Updated: 08/11/2014 15:18 | By Agence France-Presse

Kerry in Australia with deeper military cooperation on agenda

US Secretary of State John Kerry arrived in Sydney on Monday for annual talks expected to deepen military engagement with close ally Australia, but the focus will also be on hotspots abroad including Iraq and Ukraine.


Kerry in Australia with deeper military cooperation on agenda

US Secretary of State John Kerry (L) is greeted by Australian Ambassador to the US Kim Beazley (R) on his arrival in Sydney on August 11, 2014 - by Peter Parks

Kerry and Defense Secretary Chuck Hagel meet Australian counterparts Julie Bishop and David Johnston at the annual Australia-US Ministerial Consultations (AUSMIN) on Tuesday, which focus on regional security and enhanced military cooperation.

"Australia is a close ally and fantastic partner to the United States," a State Department official told AFP.

"It is an opportunity for them to align their defence policies as allies to explore ways that they can extend and expand security cooperation as well as strategic planning."

The talks come after Prime Minister Tony Abbott announced Monday that Australia will likely join US airdrops of supplies to thousands of Iraqi civilians besieged by jihadist militants on a mountain, and may even participate in airlift operations to carry them to safety.

Regional security issues in Southeast Asia and the Pacific will be discussed in Tuesday's talks, along with Myanmar, where Kerry and Bishop have just attended the Association of Southeast Asian Nations forum.

The ministers will also talk about Northeast Asia, comparing notes about their respective relations with China, and the challenges posed by North Korea, as well as international hotspots.

"That will include issues related to Ukraine and Russia, the Middle East, Gaza, Iran, Iraq, and Syria and importantly Afghanistan where there is an extraordinary record of Australia-US cooperation," the official said.

- Troops deal rankles China -

The meeting will confirm details of the rotation of US Marines through northern Australia, first announced by US President Barack Obama in 2011 as part of his "pivot" towards Asia.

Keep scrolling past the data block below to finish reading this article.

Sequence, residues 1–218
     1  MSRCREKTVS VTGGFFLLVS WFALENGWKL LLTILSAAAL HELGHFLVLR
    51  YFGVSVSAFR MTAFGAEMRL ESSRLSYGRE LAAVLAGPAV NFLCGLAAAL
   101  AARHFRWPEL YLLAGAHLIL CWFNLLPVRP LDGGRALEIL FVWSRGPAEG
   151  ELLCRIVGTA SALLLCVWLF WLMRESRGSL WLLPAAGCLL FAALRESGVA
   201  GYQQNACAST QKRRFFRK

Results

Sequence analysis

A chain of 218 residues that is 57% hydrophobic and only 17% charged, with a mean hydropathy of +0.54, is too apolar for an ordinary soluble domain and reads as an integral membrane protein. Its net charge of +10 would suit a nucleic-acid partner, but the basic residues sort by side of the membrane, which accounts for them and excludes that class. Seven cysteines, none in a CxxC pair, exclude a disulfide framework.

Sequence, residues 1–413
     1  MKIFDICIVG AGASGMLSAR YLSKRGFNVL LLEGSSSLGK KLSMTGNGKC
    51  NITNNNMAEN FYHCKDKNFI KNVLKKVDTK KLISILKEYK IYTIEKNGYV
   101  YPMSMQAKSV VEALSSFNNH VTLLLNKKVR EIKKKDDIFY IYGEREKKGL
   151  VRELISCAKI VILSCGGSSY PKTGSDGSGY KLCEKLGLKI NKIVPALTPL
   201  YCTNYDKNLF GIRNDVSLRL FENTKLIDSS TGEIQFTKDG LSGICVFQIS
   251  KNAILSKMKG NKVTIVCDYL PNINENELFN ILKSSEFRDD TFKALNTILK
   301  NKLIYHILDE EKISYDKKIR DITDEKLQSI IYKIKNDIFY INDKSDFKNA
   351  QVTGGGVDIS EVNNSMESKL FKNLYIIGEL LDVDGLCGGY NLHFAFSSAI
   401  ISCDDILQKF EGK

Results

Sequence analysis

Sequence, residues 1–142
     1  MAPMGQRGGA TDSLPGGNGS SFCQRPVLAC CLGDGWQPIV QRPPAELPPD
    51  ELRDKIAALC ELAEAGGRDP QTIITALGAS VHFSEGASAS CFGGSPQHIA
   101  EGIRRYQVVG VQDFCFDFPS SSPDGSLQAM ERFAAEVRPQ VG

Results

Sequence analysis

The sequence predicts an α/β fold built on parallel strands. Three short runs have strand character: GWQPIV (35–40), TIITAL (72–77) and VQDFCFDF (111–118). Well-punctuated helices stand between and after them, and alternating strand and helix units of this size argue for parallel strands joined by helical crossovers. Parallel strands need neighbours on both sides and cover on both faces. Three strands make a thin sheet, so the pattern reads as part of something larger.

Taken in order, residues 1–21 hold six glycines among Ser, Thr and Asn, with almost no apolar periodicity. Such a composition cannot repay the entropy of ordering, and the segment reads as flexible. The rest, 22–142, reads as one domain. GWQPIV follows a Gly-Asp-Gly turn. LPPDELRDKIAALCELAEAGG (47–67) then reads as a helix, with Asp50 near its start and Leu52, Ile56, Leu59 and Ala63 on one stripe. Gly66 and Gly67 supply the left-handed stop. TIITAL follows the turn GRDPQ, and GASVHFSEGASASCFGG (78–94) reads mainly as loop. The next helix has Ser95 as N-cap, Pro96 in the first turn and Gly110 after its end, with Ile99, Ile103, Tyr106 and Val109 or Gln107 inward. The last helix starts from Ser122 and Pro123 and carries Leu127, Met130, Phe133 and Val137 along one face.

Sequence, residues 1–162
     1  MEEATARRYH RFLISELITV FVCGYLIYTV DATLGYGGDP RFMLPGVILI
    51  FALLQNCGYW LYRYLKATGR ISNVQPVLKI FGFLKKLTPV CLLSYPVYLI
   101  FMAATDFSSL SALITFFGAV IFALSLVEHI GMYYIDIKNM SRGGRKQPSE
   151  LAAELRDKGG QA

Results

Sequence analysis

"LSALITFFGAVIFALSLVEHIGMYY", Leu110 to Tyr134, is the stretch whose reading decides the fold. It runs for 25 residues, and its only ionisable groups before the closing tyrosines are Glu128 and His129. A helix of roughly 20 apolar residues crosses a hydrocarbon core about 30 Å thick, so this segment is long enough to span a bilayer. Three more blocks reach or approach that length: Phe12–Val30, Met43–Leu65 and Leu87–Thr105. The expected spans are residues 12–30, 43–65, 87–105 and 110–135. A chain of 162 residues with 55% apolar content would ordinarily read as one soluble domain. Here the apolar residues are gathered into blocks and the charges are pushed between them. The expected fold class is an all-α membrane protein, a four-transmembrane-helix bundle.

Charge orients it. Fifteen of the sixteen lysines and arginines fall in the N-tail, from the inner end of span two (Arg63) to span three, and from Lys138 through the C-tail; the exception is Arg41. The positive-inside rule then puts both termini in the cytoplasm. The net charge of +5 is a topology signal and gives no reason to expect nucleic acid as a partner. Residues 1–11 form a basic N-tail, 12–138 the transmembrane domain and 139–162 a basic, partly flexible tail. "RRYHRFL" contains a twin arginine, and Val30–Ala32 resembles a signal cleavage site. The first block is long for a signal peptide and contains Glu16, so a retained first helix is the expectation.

Under this strategy of withdrawing US military, economic and human resources from Middle East wars and deploying them to emerging Asia -- referred to as a "rebalancing" -- Washington plans to move 2,500 Marines to the northern Australian city of Darwin by 2016-17. Hundreds have already arrived.

Analysts said the troop numbers were unlikely to be further increased, but the agreement could include upgrading facilities in Australia's north to better enable amphibious operations.

An agreement to intensify training between the nations' elite forces is also on the cards, said Ben Schreer, senior analyst at the Australian Strategic Policy Institute in Canberra.

Schreer said a concrete agreement that American destroyers or smaller warships might start rotating through Stirling base in Western Australia was likely still premature.

"I think what you might see... is that both sides agree to continue exploring possibilities for greater or increased use of naval facilities by US warships and submarines," he said. 

"Making an announcement on upgrading Stirling, permanently basing US warships there -- that's quite a step forward and I don't think that both sides are prepared to do that now."

Bates Gill, chief executive of the US Studies Centre at the University of Sydney, said the talks would be an important next step in what appeared to be "a growing degree of access and presence for American assets both human and material on Australian territory".

Gill said progress had been slow but careful since the announcement that Marines would rotate through Darwin, an agreement which rankled China.

It also caused concern for some Asian neighbours who saw it as a statement by Washington that it intends to stand up for its interests in the region amid concern about Beijing's growing assertiveness.

Despite this, US officials are clearly taking the rebalancing of US interests towards Asia forward, Gill added.

"If one looks at what America is doing, it is quite clear that the rebalance is alive and well and there is increased engagement across a number of areas," he said, adding that this included both military and diplomatic activity.

The United States currently has only a limited deployment in longstanding ally Australia, including the Pine Gap Joint Defence Facility spy station near Alice Springs.

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